Skeptophilia (skep-to-fil-i-a) (n.) - the love of logical thought, skepticism, and thinking critically. Being an exploration of the applications of skeptical thinking to the world at large, with periodic excursions into linguistics, music, politics, cryptozoology, and why people keep seeing the face of Jesus on grilled cheese sandwiches.

Wednesday, June 26, 2019

A miscalculation of scale

In the first pages of Stephen King's book The Tommyknockers, a woman out walking her dog in rural Maine stubs her toe on an object protruding from the ground, and when she kneels down to see what it is, she sees that it is a curved bit of metal that can't be pried loose.  It seems to extend indefinitely as she digs away the loose soil around it.

It turns out to be [spoiler alert] the upper edge of an enormous spaceship that crash landed on Earth millions of years ago, embedding itself nose-downward, and eventually being buried by geological processes until only a little bit of it was above ground.

Kind of an interesting mental picture, isn't it?  A spaceship collides with Earth, only to be rediscovered by archaeologists or paleontologists (or random people walking their dogs) ages later.  It does, however, bring to mind Neil deGrasse Tyson's comment about the Roswell incident: "A super-intelligent alien species knows how to cross the galaxy, but then they can't even land the damn spaceship?  If they're that incompetent, maybe they should just go home."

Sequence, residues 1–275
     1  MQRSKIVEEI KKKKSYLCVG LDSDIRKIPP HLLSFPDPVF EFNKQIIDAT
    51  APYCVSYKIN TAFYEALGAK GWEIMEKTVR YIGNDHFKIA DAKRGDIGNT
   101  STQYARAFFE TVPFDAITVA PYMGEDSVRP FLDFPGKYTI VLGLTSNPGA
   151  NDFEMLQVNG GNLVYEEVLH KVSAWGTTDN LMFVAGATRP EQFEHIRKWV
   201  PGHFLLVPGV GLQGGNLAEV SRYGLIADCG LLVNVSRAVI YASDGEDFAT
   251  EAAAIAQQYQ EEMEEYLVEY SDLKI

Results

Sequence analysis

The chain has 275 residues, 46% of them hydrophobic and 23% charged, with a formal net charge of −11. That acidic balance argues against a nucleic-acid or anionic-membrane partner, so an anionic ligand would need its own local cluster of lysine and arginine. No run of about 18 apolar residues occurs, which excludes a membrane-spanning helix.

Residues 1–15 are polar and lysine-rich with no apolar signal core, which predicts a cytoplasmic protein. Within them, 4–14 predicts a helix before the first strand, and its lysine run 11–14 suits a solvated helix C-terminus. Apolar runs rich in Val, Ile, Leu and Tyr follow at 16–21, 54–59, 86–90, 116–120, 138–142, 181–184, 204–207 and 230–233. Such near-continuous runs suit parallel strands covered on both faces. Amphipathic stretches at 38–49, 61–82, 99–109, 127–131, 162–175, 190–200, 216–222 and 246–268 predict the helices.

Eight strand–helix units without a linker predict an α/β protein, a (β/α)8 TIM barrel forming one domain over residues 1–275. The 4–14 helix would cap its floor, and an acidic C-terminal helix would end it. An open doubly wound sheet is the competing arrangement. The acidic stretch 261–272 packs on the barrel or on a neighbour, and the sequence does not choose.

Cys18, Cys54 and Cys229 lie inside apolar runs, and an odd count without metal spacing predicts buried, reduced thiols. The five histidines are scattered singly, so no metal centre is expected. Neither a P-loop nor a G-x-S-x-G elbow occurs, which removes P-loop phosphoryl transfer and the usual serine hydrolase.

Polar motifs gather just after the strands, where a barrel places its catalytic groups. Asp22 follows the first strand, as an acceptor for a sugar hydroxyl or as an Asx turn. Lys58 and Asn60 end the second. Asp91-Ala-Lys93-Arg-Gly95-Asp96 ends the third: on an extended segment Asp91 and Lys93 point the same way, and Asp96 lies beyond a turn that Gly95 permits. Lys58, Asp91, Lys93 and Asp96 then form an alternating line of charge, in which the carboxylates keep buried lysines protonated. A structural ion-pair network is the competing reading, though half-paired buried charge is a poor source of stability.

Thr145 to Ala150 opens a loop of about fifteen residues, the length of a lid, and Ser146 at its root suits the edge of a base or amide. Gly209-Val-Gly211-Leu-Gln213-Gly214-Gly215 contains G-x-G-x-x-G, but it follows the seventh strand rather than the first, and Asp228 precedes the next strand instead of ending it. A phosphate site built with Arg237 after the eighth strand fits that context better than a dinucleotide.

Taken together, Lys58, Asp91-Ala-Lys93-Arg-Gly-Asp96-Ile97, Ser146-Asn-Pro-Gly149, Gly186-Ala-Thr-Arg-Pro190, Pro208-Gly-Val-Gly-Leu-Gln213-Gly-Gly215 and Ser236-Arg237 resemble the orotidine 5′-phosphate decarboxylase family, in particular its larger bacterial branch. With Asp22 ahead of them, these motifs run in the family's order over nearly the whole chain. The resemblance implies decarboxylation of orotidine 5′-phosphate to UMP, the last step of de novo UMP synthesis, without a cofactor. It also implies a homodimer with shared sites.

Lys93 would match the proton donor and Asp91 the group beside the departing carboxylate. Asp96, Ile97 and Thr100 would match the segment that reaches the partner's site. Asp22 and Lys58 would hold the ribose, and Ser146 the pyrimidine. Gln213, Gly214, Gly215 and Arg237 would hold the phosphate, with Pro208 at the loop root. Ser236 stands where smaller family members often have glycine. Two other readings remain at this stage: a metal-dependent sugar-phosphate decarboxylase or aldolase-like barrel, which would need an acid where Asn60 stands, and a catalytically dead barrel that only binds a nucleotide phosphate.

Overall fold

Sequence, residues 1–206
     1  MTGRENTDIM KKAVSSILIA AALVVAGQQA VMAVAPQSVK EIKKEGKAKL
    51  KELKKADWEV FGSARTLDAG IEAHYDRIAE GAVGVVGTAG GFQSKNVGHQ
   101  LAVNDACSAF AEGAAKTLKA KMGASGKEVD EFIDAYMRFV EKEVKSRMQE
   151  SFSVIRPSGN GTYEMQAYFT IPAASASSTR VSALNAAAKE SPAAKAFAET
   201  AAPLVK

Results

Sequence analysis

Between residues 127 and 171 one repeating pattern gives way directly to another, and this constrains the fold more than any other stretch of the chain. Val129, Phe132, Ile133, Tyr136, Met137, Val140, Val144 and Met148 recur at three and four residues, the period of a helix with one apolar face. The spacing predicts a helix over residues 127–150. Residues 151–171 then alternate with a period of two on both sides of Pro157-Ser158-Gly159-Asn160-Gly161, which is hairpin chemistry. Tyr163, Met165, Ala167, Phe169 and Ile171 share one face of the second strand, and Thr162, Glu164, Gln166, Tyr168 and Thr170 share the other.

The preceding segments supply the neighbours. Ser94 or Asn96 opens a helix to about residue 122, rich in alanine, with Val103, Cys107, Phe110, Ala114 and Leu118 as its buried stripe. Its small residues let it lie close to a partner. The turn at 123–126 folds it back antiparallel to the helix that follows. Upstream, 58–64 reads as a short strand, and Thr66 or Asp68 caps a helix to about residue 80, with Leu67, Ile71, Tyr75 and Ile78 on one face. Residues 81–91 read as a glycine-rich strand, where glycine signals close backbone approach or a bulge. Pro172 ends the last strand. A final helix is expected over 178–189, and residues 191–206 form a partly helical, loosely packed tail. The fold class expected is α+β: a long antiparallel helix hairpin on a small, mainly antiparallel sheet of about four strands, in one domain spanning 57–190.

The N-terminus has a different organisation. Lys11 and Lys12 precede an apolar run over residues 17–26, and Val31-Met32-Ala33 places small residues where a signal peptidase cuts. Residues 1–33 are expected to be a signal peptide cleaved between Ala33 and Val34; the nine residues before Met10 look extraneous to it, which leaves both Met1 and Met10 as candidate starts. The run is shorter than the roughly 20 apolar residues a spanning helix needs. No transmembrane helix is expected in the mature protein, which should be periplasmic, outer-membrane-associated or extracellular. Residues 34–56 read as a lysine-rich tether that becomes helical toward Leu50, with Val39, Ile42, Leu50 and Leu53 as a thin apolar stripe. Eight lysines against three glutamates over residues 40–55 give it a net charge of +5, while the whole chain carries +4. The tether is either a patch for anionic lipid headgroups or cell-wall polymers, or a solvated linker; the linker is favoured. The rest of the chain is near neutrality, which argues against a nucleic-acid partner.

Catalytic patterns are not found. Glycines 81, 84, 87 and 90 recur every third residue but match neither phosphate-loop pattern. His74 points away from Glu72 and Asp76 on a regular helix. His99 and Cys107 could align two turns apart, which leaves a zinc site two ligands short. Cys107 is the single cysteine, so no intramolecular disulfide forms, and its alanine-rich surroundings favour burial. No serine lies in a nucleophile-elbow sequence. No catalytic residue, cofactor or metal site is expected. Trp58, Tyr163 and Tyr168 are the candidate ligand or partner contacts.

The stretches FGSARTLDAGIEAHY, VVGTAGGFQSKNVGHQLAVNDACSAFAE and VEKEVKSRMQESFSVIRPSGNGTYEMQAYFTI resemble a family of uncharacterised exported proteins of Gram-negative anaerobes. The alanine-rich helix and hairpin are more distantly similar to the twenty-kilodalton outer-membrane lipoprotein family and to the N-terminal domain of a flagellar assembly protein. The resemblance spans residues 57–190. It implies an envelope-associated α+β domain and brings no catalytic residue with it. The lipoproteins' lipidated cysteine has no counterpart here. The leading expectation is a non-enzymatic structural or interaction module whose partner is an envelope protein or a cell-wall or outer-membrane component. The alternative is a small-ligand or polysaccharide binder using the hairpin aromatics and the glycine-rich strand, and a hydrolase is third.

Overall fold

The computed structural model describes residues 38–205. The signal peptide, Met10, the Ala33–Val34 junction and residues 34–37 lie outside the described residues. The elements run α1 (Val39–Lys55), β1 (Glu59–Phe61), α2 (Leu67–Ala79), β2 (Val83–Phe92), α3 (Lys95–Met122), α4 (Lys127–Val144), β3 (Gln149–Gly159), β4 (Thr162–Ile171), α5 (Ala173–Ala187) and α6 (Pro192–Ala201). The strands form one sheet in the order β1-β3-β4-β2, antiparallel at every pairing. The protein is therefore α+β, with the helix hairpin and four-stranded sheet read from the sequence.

I bring all this up because of a discovery in Russia I found about because of a loyal reader.  Some coal miners, working at a mine in the Kuznetsk Basin in Siberia, unearthed a strange object that they claim is an extraterrestrial spacecraft.  Boris Glazkov, who found the object, said, "have to say it wasn't hard to see as it was really distinctive and large.  I've never seen anything like this object, which is obviously not natural, out here in the middle of nowhere before.  It is a real mystery."

The Kuzbassrazrezugol Mining Company, Glazkov's employer, confirmed discovery of the object, saying it was discovered at a depth of forty meters.  And everyone associated with the find is in agreement; what we have here is a crashed flying saucer.

So without further ado, let's take a look:

Pretty strange, eh? You can see why I thought of The Tommyknockers.  Imagine this thing making a fiery plunge through the atmosphere, carrying its panicked alien crew hurtling toward the Earth, then burying itself deep in the ground, killing all that were aboard.

But then the object's discoverers provided a second photograph, one that gave us perhaps a little more information than they intended:

Interesting how big it looks when you have no way of knowing how big it actually is.

And this reminded me of a second book, The Hitchhiker's Guide to the Galaxy by the brilliant Douglas Adams.  In particular, I recalled a passage about a pair of alien races, the Vl'Hurg and the G'gugvuntt, that wanted to launch an attack on Earth:
Eventually of course, after their Galaxy had been decimated over a few thousand years, it was realized that the whole thing had been a ghastly mistake, and so the two opposing battle fleets settled their few remaining differences in order to launch a joint attack on our own Galaxy...